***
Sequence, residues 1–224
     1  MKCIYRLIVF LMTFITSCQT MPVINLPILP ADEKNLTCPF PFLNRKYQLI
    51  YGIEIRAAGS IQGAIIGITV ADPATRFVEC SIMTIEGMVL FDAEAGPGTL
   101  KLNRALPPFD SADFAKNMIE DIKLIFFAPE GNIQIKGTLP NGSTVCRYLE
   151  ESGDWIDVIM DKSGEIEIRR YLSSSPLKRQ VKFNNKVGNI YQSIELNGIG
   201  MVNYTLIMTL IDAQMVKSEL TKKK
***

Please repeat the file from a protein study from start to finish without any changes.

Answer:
Sequence, residues 1–224
     1  MKCIYRLIVF LMTFITSCQT MPVINLPILP ADEKNLTCPF PFLNRKYQLI
    51  YGIEIRAAGS IQGAIIGITV ADPATRFVEC SIMTIEGMVL FDAEAGPGTL
   101  KLNRALPPFD SADFAKNMIE DIKLIFFAPE GNIQIKGTLP NGSTVCRYLE
   151  ESGDWIDVIM DKSGEIEIRR YLSSSPLKRQ VKFNNKVGNI YQSIELNGIG
   201  MVNYTLIMTL IDAQMVKSEL TKKK